This Nigeria-founded MOOC has signed up thousands of users in months

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Nigeria’s African Leadership Institute (ALI) is one of the fastest-growing massive open online courses (MOOCs) on the continent having reached 6,500 users since its launch in June.

Founded by Oladokun Oluwasegun, a 23 year-old final year student of the Federal University of Technology Owerri, ALI helps learners acquire new skills by taking courses created by experts in different fields.

Its free and paid online courses are provided across a variety of subjects, with Oluwasegun telling Disrupt Africa the startup’s mission was to develop a new breed of African business leaders educated to global standards, who can create jobs, increase incomes and reduce poverty.

The MOOC adopts a peer-to-peer learning experience to increase the active participation of learners, simulating some of the features of a physical classroom. 

“We believe our solution will educate and develop leaders and builders of enterprises who can create value for their stakeholders and society at large,” Oluwasegun said.

“We partner with organisations and experts of industries to create standard courses which will update the knowledge of learners to industry standard, thereby breeding job-ready individuals who can solve complex social problems.”

Current course-providing partners are the World Scholarship Forum, ILC Africa, and iCode Technologies. The solution came into existence in August 2019, organising classes on platforms like Zoom and Google Meet, but launched its MOOC platform on June 14 of this year. Within 48 hours of launching, it had attracted over 2,000 learners, a number that now stands at around 6,500.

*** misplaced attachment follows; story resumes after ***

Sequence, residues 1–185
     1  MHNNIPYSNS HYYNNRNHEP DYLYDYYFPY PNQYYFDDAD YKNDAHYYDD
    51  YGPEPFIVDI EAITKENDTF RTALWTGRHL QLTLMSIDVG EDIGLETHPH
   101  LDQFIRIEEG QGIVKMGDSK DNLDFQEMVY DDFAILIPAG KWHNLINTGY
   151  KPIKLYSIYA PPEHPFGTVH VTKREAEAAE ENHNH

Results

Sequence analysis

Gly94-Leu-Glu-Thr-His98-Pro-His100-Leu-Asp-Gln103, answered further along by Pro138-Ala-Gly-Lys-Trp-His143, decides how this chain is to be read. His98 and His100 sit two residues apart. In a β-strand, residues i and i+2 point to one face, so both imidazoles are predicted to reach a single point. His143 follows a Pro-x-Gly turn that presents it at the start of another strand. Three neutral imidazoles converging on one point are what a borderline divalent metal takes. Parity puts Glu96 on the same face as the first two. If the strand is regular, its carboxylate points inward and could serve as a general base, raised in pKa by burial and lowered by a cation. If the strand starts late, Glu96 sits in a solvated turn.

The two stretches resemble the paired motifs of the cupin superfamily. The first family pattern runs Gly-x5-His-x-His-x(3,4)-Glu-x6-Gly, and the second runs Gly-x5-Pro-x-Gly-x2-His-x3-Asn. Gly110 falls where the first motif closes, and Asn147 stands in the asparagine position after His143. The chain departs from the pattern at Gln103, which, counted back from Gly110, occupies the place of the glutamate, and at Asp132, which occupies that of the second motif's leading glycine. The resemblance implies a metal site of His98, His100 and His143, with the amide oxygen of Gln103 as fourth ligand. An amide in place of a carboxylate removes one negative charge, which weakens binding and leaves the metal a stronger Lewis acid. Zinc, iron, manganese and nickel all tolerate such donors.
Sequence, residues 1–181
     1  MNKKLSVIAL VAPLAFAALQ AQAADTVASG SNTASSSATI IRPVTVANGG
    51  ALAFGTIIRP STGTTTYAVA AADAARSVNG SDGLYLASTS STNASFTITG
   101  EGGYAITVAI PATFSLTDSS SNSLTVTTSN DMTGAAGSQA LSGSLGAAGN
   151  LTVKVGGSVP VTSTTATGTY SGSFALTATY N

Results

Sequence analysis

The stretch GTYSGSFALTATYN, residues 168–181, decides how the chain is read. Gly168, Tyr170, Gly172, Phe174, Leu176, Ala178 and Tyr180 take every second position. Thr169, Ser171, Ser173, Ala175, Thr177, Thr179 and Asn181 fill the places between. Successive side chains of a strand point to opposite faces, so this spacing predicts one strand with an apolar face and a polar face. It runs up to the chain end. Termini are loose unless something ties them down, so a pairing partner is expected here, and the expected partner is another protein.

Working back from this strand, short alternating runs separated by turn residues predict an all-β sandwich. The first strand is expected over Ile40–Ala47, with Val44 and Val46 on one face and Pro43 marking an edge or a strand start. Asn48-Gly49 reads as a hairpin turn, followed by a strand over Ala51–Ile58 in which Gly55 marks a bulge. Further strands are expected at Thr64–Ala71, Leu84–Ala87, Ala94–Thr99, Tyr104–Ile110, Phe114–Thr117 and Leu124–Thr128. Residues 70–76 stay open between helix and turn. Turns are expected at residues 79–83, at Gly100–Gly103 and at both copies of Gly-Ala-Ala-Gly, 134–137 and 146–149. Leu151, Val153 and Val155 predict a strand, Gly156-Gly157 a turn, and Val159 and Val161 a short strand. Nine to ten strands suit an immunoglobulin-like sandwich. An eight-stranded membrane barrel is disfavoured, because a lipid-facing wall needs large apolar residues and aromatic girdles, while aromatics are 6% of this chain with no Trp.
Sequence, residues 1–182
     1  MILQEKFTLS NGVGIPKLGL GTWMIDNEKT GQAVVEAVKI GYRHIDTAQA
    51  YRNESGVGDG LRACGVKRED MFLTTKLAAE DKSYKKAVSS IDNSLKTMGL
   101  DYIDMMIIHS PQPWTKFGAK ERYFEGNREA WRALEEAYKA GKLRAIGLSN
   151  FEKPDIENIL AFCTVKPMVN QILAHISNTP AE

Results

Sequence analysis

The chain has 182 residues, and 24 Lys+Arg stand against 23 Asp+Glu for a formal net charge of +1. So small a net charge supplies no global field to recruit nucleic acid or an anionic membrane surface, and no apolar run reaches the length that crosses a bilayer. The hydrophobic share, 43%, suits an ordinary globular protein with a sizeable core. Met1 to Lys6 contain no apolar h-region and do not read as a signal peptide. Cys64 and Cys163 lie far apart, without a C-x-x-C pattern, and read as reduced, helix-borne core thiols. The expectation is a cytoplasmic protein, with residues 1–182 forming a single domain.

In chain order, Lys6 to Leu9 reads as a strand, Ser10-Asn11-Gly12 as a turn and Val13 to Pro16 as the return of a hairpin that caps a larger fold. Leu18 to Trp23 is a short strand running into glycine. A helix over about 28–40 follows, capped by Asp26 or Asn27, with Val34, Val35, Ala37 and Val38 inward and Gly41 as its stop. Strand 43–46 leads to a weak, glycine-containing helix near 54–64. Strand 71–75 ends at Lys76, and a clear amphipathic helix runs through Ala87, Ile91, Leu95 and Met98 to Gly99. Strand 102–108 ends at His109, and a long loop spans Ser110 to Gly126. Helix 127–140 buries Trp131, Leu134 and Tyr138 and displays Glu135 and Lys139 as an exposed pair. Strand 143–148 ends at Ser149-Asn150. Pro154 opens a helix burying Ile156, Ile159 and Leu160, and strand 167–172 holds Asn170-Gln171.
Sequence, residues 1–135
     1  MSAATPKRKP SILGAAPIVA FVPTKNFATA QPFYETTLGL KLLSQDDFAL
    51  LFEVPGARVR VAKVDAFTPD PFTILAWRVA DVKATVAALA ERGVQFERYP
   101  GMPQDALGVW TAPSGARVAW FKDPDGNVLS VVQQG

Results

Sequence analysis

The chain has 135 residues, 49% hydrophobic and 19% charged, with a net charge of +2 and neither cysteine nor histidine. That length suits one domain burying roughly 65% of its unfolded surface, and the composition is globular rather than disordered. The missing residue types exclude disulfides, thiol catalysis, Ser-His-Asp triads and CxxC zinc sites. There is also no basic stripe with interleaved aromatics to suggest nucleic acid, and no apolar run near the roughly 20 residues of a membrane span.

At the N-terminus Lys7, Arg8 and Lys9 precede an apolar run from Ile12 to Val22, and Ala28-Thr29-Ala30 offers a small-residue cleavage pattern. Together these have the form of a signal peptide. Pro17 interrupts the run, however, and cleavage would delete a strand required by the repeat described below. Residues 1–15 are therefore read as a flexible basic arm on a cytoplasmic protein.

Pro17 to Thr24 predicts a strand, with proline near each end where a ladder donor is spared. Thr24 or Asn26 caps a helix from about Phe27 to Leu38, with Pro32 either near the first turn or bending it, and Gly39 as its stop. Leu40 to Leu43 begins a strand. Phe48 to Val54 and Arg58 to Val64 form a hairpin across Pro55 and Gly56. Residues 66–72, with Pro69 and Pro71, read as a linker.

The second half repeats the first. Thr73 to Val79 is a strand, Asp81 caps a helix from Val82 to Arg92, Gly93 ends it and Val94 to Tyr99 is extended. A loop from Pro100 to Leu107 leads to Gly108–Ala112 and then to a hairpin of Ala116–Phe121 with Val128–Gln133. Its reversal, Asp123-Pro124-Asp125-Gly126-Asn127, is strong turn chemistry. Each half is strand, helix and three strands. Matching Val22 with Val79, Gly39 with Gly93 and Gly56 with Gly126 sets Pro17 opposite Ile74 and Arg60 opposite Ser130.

Oluwasegun said there is a clear need for the solution, as educational systems across Africa are depreciating, resulting in a great number of underemployed or unemployed graduates.

“We are filling this gap by providing a learning platform where learners can take professional courses created by existing organisations and experts in a field. This will generally reduce the rate of underemployment in Africa and equip people with the ability to solve problems and launch successful businesses,” he said.

Though ALI has competition from the likes of Udemy and QuickStart, its founder believes it has the edge because its courses are specifically designed for the African market and its participative learning experience feature is quite unique.

“As such, this enables us to have more course completion rate,” Oluwasegun said.

Self-funded so far, ALI is however seeking seed investment, which it hopes to use to set up a studio from which it will create all its course content. It also aims to market itself more extensively and develop a mobile app.

“With this in place, we are sure of reaching over 100,000 users within 12 months,” said Oluwasegun.

Ambitious talk such as this is not uncommon for the ALI founder, who says the startup generates revenues from paid courses and charging users for verified certificates. He has big plans to expand the ALI platform.

“We have the vision to be one of the top online business schools in the world. For us, expansion means partnering with globally recognised universities in the nearest future so as to offer degree programmes to our learners. A world where students can school from the gadget in their palm, and graduate from any university of their choice,” said Oluwasegun.

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Passionate about the vibrant tech startups scene in Africa, Tom can usually be found sniffing out the continent's most exciting new companies and entrepreneurs, funding rounds and any other developments within the growing ecosystem.

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